Northeast Region Fire Program
Northeast Region
Sunset over a burned Atlantic white cedar restoration area at South One Fire
South One Wildlife on Great Dismal Swamp National Wildlife Refuge, 2008

The South One Fire at Great Dismal Swamp National Wildlife Refuge in Suffolk, Virginia, burned 4,884-acres. It started in June, 2008 when equipment sparked a fire at a logging site on the refuge. Fueled by logging slash and record drought, the fire quickly spread and burned deep into peat soils. Firefighters tried several ways to extinguish the fire and eventually used high volume pumps to flood areas and saturate the soil. The fire smoldered for four months until a series of coastal storms in the fall finally put it out completely.

Lasting 121 days and costing over 12 million dollars, the South One fire was the longest burning and most expensive fire in Virginia's history. Smoke from the fire blew into the popular Hampton Roads area of southeastern Virginia, which is home to about 2 million people.

The fire was a setback for restoration of Atlantic white cedar because many newly restored areas with young cedars were burned. Although this species often grows back after fire, loss of organic soils to a depth of 1-3 feet in places may have destroyed cedar seeds. However, not all was lost because some young cedar stands did not burn and the refuge replanted burned areas with seedlings grown from seeds previously collected from the swamp.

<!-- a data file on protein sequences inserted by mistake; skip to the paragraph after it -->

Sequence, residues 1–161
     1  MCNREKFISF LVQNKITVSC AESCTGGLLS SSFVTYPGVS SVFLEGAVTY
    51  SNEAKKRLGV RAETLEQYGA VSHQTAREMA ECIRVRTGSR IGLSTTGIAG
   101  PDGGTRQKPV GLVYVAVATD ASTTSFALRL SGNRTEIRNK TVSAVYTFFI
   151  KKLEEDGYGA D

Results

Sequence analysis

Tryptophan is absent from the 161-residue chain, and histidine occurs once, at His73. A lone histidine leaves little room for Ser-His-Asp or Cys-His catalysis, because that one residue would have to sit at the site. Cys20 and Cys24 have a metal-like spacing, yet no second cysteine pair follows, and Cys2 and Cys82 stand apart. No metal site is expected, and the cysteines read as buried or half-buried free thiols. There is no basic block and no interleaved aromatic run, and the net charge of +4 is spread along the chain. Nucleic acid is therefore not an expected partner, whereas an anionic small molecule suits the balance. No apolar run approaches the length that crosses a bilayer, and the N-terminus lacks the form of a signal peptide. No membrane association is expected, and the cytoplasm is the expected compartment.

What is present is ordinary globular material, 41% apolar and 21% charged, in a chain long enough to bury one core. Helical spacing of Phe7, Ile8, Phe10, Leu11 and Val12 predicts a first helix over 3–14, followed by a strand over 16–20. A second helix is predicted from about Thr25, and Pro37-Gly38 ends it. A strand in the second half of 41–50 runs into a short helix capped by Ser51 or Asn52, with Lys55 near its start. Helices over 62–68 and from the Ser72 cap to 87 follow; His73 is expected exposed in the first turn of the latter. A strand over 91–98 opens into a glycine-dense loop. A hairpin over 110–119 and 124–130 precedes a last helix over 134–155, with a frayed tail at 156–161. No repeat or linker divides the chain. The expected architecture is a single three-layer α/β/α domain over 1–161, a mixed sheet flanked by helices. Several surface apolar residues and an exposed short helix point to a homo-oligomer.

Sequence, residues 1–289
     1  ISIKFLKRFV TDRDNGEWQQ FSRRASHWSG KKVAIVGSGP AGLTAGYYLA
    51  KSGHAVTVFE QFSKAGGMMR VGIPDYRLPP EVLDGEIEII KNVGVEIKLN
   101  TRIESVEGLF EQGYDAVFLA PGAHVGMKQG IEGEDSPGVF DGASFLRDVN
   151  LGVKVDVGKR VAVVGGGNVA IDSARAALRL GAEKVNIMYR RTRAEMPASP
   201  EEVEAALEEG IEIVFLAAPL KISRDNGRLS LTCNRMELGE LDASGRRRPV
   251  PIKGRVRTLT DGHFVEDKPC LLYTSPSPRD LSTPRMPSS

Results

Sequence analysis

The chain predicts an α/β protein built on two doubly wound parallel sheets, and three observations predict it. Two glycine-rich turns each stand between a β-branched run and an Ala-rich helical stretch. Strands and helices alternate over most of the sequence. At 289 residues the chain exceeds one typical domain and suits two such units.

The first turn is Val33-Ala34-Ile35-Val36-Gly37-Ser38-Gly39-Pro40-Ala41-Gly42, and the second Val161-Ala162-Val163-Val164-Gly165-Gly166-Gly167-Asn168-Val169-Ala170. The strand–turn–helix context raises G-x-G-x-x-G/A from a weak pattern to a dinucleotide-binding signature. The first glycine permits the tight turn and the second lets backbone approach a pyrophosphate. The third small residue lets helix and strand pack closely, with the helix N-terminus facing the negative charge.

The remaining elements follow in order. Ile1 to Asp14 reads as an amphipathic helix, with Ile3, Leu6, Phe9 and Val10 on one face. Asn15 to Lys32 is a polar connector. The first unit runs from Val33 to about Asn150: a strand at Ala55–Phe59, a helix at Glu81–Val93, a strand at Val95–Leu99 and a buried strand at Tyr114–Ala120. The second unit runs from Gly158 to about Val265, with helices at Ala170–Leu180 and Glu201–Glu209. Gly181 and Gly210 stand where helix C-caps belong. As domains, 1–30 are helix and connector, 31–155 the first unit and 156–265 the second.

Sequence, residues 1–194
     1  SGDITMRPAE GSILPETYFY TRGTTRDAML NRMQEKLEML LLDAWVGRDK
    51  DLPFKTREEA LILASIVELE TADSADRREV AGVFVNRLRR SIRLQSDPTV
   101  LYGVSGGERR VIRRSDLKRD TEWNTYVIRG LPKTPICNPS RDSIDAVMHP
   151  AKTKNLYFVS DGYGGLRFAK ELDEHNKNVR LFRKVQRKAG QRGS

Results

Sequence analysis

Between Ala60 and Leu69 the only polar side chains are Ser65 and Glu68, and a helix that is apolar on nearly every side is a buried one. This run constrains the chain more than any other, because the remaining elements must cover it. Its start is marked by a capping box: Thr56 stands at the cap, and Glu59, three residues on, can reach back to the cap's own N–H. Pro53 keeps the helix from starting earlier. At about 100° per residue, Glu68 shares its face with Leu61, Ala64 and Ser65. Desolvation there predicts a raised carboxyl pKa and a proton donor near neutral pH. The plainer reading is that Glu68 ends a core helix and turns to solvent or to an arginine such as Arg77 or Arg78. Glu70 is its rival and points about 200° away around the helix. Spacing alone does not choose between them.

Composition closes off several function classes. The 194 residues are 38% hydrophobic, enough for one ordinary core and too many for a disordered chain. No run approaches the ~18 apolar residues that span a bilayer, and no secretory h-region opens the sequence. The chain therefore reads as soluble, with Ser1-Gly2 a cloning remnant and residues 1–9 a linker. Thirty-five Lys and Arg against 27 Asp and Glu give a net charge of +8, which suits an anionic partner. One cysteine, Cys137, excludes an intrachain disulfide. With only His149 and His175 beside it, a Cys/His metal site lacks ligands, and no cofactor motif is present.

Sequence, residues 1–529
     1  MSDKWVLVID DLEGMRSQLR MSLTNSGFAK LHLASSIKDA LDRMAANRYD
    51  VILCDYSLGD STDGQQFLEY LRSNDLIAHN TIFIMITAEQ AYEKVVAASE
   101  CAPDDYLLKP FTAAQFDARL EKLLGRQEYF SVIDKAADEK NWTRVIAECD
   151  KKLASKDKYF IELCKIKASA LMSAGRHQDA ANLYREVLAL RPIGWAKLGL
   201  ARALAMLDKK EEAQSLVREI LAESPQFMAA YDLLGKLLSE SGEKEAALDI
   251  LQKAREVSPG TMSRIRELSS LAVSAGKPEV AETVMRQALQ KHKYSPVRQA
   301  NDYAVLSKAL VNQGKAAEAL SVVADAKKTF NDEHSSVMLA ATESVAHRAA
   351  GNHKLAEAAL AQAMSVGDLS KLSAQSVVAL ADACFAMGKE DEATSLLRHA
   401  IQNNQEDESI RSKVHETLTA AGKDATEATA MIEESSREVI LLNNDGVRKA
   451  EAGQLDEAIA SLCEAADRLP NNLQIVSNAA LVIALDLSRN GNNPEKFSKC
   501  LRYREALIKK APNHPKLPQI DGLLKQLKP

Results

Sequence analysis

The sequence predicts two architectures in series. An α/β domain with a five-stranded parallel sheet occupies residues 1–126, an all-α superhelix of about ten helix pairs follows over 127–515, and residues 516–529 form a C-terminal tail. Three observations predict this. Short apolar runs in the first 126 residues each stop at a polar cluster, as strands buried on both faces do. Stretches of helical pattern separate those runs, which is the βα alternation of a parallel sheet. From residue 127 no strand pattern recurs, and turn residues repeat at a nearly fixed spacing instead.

Read about the planting of Atlantic white cedar trees in the wake of the South One Fire.

Stories from the South One Fire

Civil Air Patrol Lends Assistance

Hazard Trees – Our Greatest Danger

Young Men and Women Help Wildfire

Flatwoods Crews Support Virginia Fire

Specialized Equipment on the Fire Line

Back to Wildfire

Last updated: April 25, 2014